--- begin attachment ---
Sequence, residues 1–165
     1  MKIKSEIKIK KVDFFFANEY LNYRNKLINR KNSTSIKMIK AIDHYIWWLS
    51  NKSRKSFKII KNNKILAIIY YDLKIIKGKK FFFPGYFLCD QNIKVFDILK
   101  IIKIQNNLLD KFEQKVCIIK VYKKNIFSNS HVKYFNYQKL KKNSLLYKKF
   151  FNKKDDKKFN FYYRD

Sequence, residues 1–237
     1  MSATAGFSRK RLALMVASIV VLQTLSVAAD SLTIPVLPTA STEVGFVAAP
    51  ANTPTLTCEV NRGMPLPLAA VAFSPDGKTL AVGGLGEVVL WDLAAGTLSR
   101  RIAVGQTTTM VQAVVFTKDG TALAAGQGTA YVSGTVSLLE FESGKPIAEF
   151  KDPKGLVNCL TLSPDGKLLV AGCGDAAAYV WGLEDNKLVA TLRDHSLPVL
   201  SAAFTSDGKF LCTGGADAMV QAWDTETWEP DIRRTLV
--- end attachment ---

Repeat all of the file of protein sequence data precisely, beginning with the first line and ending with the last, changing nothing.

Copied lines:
Sequence, residues 1–165
     1  MKIKSEIKIK KVDFFFANEY LNYRNKLINR KNSTSIKMIK AIDHYIWWLS
    51  NKSRKSFKII KNNKILAIIY YDLKIIKGKK FFFPGYFLCD QNIKVFDILK
   101  IIKIQNNLLD KFEQKVCIIK VYKKNIFSNS HVKYFNYQKL KKNSLLYKKF
   151  FNKKDDKKFN FYYRD

Sequence, residues 1–237
     1  MSATAGFSRK RLALMVASIV VLQTLSVAAD SLTIPVLPTA STEVGFVAAP
    51  ANTPTLTCEV NRGMPLPLAA VAFSPDGKTL AVGGLGEVVL WDLAAGTLSR
   101  RIAVGQTTTM VQAVVFTKDG TALAAGQGTA YVSGTVSLLE FESGKPIAEF
   151  KDPKGLVNCL TLSPDGKLLV AGCGDAAAYV WGLEDNKLVA TLRDHSLPVL
   201  SAAFTSDGKF LCTGGADAMV QAWDTETWEP DIRRTLV